In an environmental dispute between innocents involving a Church and a downgradient property owner, a federal court recently found the Church, although without original sin, was less innocent and should bear all the costs of the cleanup, even the costs of cleaning up an independent source of contamination on the downgradient property. In Alprof Realty LLC v. Corporation of the Presiding Bishop of the Church of Jesus Christ of Latter-Day Saints,… More
Monthly Archives: September 2012
Another Nail in the Public Nuisance Litigation Coffin: The 9th Circuit Affirms Dismissal of the Kivalina Claims
On Friday, in Native Village of Kivalina v. ExxonMobil, the 9th Circuit Court of Appeals may have sounded the death knell for public nuisance litigation concerning the impacts of climate change, affirming dismissal of the damage claims brought by the City of Kivalina and the Native Village of Kivalina against major greenhouse gas emitters.
As most readers will know, last year,… More
Last week, in United States v. Louisiana Generating, EPA won a ruling regarding what type of projects fall within the routine maintenance, repair or replacement exception from the rule that facility modifications are subject to PSD/NSR requirements. The decision is thorough in that it carefully reviews the so-called “WEPCO Factors” – the nature, extent, purpose, frequency, and cost of the work, and applied them to the work at issue in this case,… More
I finally had an opportunity to review the recent Final Decision in In the Matter of Palmer Renewable Energy, concerning the proposed Palmer biomass facility. Last week, MassDEP Commissioner Ken Kimmell affirmed the Recommended Final Decision by Presiding Officer Timothy Jones, rejecting challenges by the Conservation Law Foundation to the air permit issued to the project by MassDEP. For practitioners, the case is important, but a decidedly mixed bag.… More
Site owners who conduct environmental investigations of potential releases of hazardous substances in the expectation that they will be able to recover their costs from the party whose operations gave rise to that threatened release may be surprised by the outcome in a recent federal district case in Georgia, Stratford Holding, LLC v. Fog Cap Retail Investors LLC. There, a site owner brought CERCLA and state law claims against a tenant and subtenant for dry cleaning operations after the owner’s sampling showed over 2 ppm of tetrachloroethylene (PCE),… More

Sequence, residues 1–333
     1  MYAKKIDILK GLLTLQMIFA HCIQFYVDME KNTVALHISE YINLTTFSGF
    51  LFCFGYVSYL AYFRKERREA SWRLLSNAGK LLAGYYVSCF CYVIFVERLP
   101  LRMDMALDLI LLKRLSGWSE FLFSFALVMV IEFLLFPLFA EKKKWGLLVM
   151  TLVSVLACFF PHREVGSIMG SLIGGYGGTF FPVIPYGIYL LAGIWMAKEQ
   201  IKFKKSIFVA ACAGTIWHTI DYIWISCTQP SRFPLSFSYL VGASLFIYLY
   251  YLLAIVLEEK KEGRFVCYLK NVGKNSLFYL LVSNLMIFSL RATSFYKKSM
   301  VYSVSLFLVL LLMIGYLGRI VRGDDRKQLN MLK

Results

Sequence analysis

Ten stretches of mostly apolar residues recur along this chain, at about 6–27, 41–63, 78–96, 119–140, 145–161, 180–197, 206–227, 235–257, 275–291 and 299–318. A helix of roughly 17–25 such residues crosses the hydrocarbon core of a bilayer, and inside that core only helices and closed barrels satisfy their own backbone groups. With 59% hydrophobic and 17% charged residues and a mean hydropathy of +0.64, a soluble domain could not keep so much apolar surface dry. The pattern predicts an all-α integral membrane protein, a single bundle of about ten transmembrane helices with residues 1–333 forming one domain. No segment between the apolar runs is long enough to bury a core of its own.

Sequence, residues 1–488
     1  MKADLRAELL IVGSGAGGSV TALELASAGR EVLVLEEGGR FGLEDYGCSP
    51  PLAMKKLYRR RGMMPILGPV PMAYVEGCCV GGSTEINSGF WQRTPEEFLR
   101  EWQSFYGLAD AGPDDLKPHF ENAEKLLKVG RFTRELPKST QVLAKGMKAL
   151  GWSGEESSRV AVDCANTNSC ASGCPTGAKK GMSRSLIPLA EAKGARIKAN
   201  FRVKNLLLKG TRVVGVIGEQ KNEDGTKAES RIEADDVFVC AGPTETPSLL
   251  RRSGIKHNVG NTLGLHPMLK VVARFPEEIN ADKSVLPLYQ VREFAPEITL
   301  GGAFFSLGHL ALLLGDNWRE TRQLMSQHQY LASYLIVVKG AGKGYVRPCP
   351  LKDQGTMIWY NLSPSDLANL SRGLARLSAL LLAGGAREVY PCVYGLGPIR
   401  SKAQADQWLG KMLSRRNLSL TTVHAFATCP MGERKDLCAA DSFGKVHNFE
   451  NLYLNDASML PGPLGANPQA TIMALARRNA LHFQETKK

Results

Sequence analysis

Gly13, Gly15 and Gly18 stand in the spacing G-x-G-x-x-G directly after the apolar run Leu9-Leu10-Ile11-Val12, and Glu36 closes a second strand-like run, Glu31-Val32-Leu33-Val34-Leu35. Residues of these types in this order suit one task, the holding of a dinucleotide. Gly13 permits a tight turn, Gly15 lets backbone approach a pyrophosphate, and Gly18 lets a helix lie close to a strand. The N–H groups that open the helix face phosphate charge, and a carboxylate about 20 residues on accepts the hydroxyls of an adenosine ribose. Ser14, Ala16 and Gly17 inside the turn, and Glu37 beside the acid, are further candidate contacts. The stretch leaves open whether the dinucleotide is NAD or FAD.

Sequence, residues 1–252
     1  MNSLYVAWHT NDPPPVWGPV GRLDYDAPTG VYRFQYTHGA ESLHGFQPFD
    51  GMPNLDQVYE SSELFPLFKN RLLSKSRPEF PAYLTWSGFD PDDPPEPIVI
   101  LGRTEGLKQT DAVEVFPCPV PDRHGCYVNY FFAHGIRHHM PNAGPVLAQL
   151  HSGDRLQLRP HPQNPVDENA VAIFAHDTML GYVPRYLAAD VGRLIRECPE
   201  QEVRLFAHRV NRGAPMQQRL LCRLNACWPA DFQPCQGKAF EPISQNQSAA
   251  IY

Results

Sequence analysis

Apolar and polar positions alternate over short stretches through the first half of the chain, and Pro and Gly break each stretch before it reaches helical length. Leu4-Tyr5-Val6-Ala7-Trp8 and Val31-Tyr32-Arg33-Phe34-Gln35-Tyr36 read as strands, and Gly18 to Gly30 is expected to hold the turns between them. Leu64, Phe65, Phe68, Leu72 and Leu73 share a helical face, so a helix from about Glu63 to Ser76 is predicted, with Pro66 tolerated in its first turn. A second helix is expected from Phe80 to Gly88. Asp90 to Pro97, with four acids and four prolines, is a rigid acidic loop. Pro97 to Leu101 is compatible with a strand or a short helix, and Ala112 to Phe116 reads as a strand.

EPA Approves Colorado’s Regional Haze Plan: What Does Colorado Know That the Rest of the Country Hasn’t Yet Figured Out?
On Tuesday, EPA formally approved Colorado’s state implementation plan to address regional haze. According to a press release from Governor John Hickenlooper, the plan will reduce power plant emissions by more than 70,000 tons by 2018. Notably, it will include closure of coal-fired power plants. Indeed, Daily Environment Report stated that “coal-fired power generation will be gone from the Denver metro region by 2018” as a result of the plan.… More
This may not be the most earth-shattering stories reported in this space, but it is a Massachusetts story, and the rhetoric surrounding the issue is sufficiently noteworthy that I thought I would, er, note it. Concord, Massachusetts, has apparently become the first community in the nation to ban the sale of certain plastic water bottles.
Last week marked the 17th Auction in the Regional Greenhouse Gas Initiative (RGGI). The number of bidders who went through the process of qualifying to participate in the auction is the lowest it has been in the program’s history — 29, down from 35 from the last auction in June, and well below the high of 84 in the first auction involving all member states, held in December 2008.… More